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Collingwood and Preston Technical Colleges become the Northern Metropolitan College of TAFE (NMCOT)


Both Collingwood and Preston were experiencing difficulties in the management of their operations throughout the 1980s, including running budget deficits.

In the case of Preston there were even allegations of impropriety and questions were asked in State Parliament. The obstructive culture of industrial relations was becoming a limitation on the effective management of the College. It was clear that the management structure of the College would need to undergo significant changes if the future was to be faced with confidence.

It was under these circumstances in 1988, that a new administration was appointed by the State Board to manage Preston College under the leadership of Brian MacDonald. Preston’s management structure was reviewed and revamped from top to bottom, and its financial difficulties addressed, through a plan to reduce and then eliminate operating and carry-forward deficits.

Plans were also made to improve the training facilities and to eliminate underachieving programs.

Although Collingwood Technical College was a lot smaller, it was experiencing similar difficulties to Preston. These were not yet as extreme but the risk was that Collingwood would also fail as an educational organisation unless action was taken.

The management team at Preston, led by Brian MacDonald as Interim Director, was therefore asked to investigate the possible amalgamation of Collingwood with Preston College to form a new entity.

The decision to proceed with the amalgamation was made by the State Training Board after reviewing all options in 1988. A Northern Metropolitan College of TAFE (NMCOT) Planning Committee was established.


NMCOT to become NMIT

In this way, two old and historically significant educational institutions were saved and transformed into a new organisation, to be known as the Northern Metropolitan College of Technical and Further Education (NMCOT). From this time on, it would be NMCOT (later to become NMIT) that would take technical education in Melbourne’s north into the 21st century.

The Interim Director and the new management structure became the leadership team of NMCOT by the end of 1989.The goals of the new organisation were ambitious but necessary: the merging of the Collingwood and Preston staff; the appointment of key personnel; improving the physical infrastructure; financial control and achievement of operating profits; appointment of a new NMCOT Council to oversee the decisions of the Director (CEO) and leadership team; and most of all, addressing the issue of growth for NMCOT.

While reorganisation was taking place, the need for vocational and further education in the metropolitan north and beyond was also growing. New campuses would be needed in the north and north-east; existing campuses at Collingwood and Preston had to be revamped.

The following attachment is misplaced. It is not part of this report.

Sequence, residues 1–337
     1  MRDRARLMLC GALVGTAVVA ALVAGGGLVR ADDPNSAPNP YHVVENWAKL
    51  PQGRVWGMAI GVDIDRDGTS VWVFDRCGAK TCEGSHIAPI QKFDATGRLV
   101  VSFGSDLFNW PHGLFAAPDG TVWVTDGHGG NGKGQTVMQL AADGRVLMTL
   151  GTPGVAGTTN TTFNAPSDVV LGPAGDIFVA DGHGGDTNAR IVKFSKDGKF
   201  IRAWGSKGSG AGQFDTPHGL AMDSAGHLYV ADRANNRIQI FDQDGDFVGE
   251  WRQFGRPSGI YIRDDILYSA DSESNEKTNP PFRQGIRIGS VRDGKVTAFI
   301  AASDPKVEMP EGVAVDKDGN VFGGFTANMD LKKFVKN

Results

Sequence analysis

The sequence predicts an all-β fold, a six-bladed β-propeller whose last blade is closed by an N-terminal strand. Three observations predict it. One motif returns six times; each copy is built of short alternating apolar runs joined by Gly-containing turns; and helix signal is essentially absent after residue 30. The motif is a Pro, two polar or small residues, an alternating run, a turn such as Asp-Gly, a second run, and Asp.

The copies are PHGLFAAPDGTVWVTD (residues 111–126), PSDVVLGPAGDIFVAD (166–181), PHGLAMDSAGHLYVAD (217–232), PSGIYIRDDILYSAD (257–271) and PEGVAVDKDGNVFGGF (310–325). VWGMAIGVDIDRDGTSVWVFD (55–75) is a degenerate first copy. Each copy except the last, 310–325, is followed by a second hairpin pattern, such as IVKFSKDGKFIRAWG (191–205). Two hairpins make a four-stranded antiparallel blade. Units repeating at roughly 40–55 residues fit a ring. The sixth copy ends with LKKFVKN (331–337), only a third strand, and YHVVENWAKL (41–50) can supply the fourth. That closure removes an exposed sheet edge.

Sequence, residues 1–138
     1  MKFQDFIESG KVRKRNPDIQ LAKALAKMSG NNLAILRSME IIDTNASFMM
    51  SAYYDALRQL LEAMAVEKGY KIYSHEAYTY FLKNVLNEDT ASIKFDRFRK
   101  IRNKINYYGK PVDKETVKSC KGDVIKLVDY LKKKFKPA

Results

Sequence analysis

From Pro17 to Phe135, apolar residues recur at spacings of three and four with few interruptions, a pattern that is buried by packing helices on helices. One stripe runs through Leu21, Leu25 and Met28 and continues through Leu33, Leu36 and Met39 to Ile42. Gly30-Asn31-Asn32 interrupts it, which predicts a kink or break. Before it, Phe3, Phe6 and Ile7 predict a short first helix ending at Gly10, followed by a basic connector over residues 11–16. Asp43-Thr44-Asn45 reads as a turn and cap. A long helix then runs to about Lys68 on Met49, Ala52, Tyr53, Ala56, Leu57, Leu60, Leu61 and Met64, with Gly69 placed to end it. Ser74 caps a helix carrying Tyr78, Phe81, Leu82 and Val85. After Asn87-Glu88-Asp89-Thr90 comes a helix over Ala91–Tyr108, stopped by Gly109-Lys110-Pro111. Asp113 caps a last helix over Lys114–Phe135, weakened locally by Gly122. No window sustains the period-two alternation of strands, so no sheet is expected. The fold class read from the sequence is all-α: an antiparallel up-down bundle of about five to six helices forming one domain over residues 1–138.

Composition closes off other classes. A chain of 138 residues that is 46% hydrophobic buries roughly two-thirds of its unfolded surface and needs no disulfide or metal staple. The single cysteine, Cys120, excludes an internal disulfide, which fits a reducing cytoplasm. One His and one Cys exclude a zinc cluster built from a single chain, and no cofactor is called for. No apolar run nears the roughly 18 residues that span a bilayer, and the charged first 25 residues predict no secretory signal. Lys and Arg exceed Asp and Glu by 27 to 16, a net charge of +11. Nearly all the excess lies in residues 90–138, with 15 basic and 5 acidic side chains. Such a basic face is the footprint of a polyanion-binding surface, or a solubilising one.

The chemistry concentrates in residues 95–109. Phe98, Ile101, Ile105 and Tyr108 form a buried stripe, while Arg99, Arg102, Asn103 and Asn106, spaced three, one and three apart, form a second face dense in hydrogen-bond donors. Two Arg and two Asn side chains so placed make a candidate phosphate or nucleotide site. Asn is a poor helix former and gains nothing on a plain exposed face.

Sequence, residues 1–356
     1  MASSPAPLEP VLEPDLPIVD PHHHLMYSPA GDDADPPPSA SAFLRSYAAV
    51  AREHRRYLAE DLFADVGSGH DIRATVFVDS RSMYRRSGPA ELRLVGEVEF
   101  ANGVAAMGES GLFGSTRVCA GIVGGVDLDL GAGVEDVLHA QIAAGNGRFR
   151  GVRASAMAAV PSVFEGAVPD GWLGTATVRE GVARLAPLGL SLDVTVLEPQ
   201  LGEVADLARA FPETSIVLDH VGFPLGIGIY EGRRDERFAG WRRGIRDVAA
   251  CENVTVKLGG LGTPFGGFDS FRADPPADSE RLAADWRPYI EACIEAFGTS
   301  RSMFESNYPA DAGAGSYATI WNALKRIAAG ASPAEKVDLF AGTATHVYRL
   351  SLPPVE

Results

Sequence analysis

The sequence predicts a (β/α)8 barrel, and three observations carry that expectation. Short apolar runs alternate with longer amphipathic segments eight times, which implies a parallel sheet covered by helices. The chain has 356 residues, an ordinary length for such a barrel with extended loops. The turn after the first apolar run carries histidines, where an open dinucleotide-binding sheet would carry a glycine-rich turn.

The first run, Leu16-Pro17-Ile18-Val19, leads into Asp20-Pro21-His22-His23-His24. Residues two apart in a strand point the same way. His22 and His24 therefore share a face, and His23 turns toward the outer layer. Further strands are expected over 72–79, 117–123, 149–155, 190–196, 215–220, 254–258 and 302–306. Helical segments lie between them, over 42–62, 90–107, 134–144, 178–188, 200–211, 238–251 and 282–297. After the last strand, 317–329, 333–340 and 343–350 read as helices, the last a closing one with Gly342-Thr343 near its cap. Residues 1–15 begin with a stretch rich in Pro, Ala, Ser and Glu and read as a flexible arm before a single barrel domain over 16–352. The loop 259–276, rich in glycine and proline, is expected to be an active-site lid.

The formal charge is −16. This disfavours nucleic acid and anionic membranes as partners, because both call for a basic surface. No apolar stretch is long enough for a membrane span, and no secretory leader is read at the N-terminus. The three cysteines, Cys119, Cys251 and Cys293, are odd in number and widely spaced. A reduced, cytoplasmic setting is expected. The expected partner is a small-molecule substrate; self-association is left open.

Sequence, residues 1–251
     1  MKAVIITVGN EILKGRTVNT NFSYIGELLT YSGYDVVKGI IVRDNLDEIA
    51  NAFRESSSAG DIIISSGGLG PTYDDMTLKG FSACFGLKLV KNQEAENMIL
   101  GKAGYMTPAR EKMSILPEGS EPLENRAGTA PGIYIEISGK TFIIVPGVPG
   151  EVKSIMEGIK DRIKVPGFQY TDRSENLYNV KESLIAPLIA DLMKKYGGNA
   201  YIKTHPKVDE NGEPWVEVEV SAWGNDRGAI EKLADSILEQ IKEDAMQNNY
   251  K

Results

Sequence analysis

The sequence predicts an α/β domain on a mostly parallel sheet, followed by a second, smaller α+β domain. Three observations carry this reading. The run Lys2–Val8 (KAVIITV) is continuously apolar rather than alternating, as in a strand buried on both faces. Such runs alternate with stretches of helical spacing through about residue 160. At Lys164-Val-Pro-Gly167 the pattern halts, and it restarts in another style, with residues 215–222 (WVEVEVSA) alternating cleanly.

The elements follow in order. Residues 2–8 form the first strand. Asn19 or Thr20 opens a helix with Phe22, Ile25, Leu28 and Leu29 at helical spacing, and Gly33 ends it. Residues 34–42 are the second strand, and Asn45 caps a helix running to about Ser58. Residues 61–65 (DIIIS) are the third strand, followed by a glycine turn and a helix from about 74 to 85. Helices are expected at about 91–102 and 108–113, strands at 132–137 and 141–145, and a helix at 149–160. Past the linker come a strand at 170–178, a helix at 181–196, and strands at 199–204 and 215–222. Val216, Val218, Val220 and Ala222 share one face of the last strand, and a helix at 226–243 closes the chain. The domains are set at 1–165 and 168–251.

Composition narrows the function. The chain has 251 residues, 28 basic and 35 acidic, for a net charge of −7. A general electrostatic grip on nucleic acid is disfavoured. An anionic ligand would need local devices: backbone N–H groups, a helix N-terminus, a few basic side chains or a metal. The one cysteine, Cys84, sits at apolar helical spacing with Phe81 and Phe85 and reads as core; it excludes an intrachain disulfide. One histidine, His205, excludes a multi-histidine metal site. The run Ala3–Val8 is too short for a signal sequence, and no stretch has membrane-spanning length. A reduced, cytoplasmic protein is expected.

In a report on the positive effects of amalgamation in 1989, the view was expressed that previously, budgeting was haphazard. With the establishment of NMCOT, a proper basis for budgeting was set up. This provided the foundation for growing the larger organisation.

Initially, many staff, while not actively opposing amalgamation, also did not actively support it; it was very much a ‘wait and see’ attitude.

An interim structure was put into place with rules to govern the relationship between the departments located at the two different campuses. Later, on letterhead, Preston College was referred to as ‘Preston College – a campus of the Northern Metropolitan College of Technical and Further Education’.

The interim administration was able to turn around a deficit at Collingwood and generate a small surplus in 1988 at Preston, eventually managing to have a budget for NMCOT which could produce much needed surpluses.

While the amalgamation proved difficult for many staff at Collingwood and Preston, there were undeniable benefits in becoming part of a larger organisation. Courses were offered at more than one location and if a class had low numbers it could be merged with another, so the course could continue. There was a wider choice of programs, and for students, there was no need to change colleges in order to change courses because there was now a common set of student records. This reduced administrative burdens for students and the College. In addition there was one Finance Department, one Personnel Department, one payroll system, a single set of policies such as for professional development and resources maximised to enable the upgrading of facilities.

Staff could teach a greater variety of courses and the larger staff complement meant staff could utilise their expertise across more campuses. Some could acquire greater experience while others could develop specialisation in key areas as required.

Traineeships gained the most. In Collingwood they had been operating in a vacuum; they were not part of a teaching division. Along with other labour market programs, they were part of a loose confederation of ‘special programs’. With NMCOT, traineeships became part of a Labour Market Programs Department with a coordinator appointed. This gave traineeships a sense of purpose; staff and students were able to relate to a coordinator, a Head of Department and the teaching division overall. Traineeships may not have survived in Collingwood if amalgamation with Preston had not taken place.